There are many types of of structured instruments including asset-backed securities (ABS), mortgage-backed securities (MBS), collateralized debt obligations (CDOs) and collateralized loan obligations (CLOs) all of which provide a revenue stream from loans that were chopped into tranches and turned into securities. There are many problems with these complex securities, the biggest of which is that there is no way to unravel the individual pools of loans to isolate the bad paper. That's why subprime mortgages had such a destructive affect on the secondary market, because--even though subprimes only defaulted at a rate of roughly 5 percent--MBS sales slumped nearly 90 percent. Why? Former Secretary of the Treasury Paul O'Neill explained it like this: "It's like you have 8 bottles of water and just one of them has arsenic in it. It becomes impossible to sell any of the other bottles because no one knows which one contains the poison."

Exactly right. So why weren't these structured debt-instruments "stress tested" before the markets were reworked and the financial system became so dependent on them?

Greed. Because the real purpose of these exotic investments is not to provide true value to the buyer, but to maximize profits for the seller by increasing leverage. That is the real purpose of MBS, CDOs and all the other bizarre-sounding derivatives; higher profits with less capital. It's a scam. Here's how it works: A mortgage applicant buys a house for $400,000 and puts 10 percent down. His mortgage is sold to Wall Street, chopped into pieces, and stitched together in a pool of similar loans. Now the brokerage can use the debt as if it were an asset, borrowing at ratios of 20 or 30 to 1 to fatten the bottom line. When Fannie Mae and Freddie Mac were taken into conservatorship by the government, they were leveraged at an eye-popping 100 to 1. This shows that nearly an infinite amount of debt can be precariously balanced atop a paltry amount of capital. This explains why the $4 trillion aggregate value of the 5 big investment banks and the $1.7 trillion value of the hedge funds is now vanishing more quickly than it was created. Once the mighty gears of structured finance shift into reverse, deleveraging begins with a vengeance pulling trillions into a credit vacuum.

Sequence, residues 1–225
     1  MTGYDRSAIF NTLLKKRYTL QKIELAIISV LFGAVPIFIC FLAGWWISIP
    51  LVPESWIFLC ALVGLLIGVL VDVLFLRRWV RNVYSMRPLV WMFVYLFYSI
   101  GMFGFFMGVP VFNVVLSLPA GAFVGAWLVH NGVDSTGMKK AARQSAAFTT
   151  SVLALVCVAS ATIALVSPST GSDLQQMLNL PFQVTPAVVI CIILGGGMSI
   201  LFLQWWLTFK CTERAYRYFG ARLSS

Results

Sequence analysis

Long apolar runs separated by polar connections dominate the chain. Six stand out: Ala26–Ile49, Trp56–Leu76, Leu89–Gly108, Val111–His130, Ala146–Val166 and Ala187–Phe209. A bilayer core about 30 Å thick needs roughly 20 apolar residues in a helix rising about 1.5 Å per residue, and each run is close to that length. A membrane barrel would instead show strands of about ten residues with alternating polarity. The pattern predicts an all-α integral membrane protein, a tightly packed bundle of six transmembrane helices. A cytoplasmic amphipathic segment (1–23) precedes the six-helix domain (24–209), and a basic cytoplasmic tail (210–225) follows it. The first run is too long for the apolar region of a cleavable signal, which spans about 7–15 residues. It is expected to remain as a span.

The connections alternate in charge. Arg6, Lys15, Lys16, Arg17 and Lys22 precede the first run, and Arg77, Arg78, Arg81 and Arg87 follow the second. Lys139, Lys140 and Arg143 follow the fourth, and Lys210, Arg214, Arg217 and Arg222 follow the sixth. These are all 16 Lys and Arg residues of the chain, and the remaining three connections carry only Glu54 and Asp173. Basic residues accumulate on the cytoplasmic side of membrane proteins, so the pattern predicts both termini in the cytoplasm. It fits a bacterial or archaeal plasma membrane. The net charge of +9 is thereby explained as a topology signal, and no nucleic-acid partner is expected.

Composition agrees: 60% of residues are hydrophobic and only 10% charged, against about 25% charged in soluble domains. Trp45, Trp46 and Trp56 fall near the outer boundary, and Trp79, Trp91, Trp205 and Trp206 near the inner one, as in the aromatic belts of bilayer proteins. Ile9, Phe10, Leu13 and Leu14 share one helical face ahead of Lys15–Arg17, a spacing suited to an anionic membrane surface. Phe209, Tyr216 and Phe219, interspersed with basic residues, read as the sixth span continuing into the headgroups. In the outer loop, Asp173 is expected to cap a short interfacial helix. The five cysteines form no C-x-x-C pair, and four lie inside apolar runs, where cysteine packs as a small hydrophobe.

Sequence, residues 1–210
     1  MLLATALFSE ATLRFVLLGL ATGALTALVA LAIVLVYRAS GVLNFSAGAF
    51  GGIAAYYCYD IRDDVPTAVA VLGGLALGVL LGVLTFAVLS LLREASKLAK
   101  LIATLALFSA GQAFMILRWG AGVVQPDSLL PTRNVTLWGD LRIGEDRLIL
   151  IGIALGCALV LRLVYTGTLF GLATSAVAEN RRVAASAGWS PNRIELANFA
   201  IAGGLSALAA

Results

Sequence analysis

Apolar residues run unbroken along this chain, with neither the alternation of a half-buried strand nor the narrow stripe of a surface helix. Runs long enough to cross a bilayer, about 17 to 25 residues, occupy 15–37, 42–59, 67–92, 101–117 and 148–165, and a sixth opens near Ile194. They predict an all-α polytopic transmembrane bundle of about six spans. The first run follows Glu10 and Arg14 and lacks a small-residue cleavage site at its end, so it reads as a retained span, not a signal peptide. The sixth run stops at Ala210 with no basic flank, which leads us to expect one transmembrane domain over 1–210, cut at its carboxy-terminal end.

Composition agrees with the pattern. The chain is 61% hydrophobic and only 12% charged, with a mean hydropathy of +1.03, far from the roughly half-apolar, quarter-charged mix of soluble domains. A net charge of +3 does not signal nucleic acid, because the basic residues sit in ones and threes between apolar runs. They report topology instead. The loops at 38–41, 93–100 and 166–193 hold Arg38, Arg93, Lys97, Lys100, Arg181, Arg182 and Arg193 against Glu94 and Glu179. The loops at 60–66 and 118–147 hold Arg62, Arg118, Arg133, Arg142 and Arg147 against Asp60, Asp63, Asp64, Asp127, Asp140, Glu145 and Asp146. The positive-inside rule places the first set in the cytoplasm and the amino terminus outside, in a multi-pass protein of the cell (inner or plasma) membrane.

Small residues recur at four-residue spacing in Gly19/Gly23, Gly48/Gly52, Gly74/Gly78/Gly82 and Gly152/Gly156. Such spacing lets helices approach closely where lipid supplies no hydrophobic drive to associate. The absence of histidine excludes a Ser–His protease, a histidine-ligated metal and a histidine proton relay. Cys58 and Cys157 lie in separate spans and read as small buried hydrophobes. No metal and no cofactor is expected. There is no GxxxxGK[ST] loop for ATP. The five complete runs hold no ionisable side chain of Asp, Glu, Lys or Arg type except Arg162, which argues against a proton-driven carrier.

It all started when two Bear Stearns hedge funds defaulted in July 2006 and there were no offers for their MBS and other structured investments. Panic quickly spread to every corner of Wall Street as the alchemists of modern finance began to see that their worst nightmare might be realized, that trillions of dollars of Frankenstein investments could be worth nothing at all.

Since the Bear Stearns funds fiasco, there have been huge explosions in the financial markets. Fannie Mae, Freddie Mac, Wachovia, Washington Mutual, Indybank, AIG, Lehman Bros and other industry giants have either gone under or been forced into shotgun weddings by the FDIC. The stock market has plunged over 40 percent and suffered wild gyrations not seen since the 1930s. The entire Wall Street landscape has changed completely. Investment banking is no longer a viable business model; the Big 5 have either vanished or transformed themselves into holding companies to escape short sellers. The hedge funds have been deleveraging with a ferocity that has sent sent stocks and commodities crashing. In one day last week, the stock market plunged 300 points in the morning only to bounce back 550 points a few hours later; a whopping 850 point-spread in one trading day! No one but a madman would dabble in this market.